Opponents argue that it will flood social services agencies with unemployed migrants and their families and create a black market for jobs that could lead to poor treatment and working conditions of undocumented employees by some bad employers.

Some business advocates argue that mandating E-Verify will increase costs and maybe spur on inflation, hurting the economy.

President-elect Trump has not openly campaigned for E-Verify, but many lawmakers support it. Presently, over 600,000 employers use E-Verify, and 1,400 employers sign up for it every week. Although many business advocate groups would oppose the use of E-Verify as another federal regulation on employers, it would not be a stretch to see in the first 100 days of a Trump Administration that E-Verify be required as a condition of employment for all employees by late 2017 or 2018.

Wage and Hour

An issue of debate in the campaign was raising the federal minimum wage. Not debated (but on the minds of employers) is the Department of Labor's new overtime regulations that go into effect in the next few days. https://www.dol.gov/WHD/overtime/final2016/overtime-factsheet.htm

The regulations raise the weekly threshold for overtime exemption from $455 to $913 and become effective on December 1, 2016. See "New Overtime Rules Are Here: Their Impact And What Employers Need To Consider"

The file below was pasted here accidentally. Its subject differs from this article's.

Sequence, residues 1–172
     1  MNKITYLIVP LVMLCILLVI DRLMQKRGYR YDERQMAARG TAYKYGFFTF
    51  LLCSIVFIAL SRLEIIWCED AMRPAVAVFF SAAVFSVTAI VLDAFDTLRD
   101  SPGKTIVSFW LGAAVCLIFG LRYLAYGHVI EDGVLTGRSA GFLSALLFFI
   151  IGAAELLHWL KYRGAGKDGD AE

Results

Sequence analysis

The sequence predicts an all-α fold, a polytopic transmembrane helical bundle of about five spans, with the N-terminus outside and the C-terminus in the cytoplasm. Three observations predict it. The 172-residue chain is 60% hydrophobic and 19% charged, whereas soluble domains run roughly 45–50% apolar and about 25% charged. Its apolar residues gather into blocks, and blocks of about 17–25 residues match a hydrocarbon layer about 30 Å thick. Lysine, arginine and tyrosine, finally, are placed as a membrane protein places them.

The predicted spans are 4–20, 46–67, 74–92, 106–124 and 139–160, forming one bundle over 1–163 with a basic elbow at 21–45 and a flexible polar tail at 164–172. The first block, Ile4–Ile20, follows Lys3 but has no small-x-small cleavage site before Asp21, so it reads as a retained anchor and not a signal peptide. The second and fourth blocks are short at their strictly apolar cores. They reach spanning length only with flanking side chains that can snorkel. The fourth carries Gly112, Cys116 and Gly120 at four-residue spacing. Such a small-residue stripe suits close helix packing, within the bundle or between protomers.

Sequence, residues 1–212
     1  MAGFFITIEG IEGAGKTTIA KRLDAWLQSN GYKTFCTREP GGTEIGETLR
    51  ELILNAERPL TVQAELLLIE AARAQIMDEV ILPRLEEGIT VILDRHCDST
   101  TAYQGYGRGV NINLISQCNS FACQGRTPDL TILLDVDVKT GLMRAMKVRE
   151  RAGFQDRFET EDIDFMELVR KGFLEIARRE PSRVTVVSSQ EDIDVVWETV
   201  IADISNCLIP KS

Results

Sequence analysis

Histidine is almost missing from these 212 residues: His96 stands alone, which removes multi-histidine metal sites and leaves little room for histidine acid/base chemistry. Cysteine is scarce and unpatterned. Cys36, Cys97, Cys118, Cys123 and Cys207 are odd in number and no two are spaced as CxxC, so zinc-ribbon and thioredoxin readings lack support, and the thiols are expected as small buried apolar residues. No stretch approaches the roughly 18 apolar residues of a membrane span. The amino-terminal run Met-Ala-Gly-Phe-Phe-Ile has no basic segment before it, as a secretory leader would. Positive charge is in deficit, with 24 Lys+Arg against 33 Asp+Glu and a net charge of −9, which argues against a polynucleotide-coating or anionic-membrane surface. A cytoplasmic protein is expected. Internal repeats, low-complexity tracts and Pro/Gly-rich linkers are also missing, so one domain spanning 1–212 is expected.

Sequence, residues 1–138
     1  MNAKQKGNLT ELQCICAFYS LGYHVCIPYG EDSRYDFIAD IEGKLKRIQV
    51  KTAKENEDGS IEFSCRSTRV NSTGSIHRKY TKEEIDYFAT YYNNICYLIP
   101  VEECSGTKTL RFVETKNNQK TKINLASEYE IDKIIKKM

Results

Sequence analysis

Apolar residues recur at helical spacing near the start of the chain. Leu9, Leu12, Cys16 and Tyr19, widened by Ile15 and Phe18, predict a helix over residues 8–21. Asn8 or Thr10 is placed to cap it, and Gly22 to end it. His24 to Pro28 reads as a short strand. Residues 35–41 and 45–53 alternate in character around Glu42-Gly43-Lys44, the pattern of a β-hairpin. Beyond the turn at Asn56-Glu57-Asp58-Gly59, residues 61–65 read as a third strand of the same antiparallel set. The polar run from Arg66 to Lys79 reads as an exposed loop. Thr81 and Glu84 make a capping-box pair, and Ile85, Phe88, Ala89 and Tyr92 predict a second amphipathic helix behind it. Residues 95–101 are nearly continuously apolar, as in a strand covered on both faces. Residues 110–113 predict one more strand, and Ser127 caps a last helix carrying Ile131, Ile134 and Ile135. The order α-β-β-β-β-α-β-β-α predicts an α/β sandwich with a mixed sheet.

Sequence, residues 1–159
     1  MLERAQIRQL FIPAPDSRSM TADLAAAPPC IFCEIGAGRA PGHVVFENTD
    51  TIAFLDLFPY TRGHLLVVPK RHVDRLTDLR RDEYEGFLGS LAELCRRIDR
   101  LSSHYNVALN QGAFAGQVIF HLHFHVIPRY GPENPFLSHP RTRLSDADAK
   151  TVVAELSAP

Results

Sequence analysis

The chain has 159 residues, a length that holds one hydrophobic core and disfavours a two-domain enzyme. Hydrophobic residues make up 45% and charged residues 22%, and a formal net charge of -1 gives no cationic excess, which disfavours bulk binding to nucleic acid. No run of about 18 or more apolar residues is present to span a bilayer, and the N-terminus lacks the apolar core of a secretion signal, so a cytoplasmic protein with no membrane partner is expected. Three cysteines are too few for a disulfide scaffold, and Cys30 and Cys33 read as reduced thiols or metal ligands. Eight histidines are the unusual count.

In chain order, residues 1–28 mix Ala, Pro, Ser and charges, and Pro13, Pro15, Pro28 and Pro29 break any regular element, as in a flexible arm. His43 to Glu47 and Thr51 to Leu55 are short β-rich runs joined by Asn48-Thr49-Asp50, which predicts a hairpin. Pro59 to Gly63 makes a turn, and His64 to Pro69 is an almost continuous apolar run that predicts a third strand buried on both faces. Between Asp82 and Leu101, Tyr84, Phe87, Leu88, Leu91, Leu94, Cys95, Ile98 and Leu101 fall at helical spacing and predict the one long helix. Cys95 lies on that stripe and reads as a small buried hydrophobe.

President-elect Trump has discussed turning back regulations that keep employers from hiring. However, he has sent mixed signals about raising the federal minimum wage, stating it is hard to live on $7.25 an hour while also declaring that he plans to eliminate any federal regulation that is a "job killer".

Many business advocates claim that raising the federal minimum wage keeps employers from hiring and leads to unemployment. They and some states have sued the Department of Labor, claiming the raising of the overtime threshold will also kill jobs and is illegal. "Exploding Wage And Hour Litigation Expected To Get Worse In 2017"

Although pure speculation, I don't see a Trump Administration doing anything, at least in the short term, to increase the federal minimum wage or to roll back the regulation that raises the overtime threshold.  Instead, I see the new Administration focusing on immigration with the idea that contracting the number of workers will naturally raise wages, while allowing states and municipalities to decide minimum wage thresholds and allowing the courts decide the debate on the overtime.

Equal Employment

I suspect employers will see little change in the number of charges or cases brought under Title VII or other equal employment laws. Equal employment charges for discrimination have steadily dropped over the last three years. Nevertheless, employers will continue to see retaliation charges increasing, however. There is little a President-elect Trump could or would do regarding these charges or employment practices litigation, absent legislation eliminating federal law whistleblower protections or defunding of federal agencies that oversee labor and employment regulations. None of these options were mentioned during the campaign, however.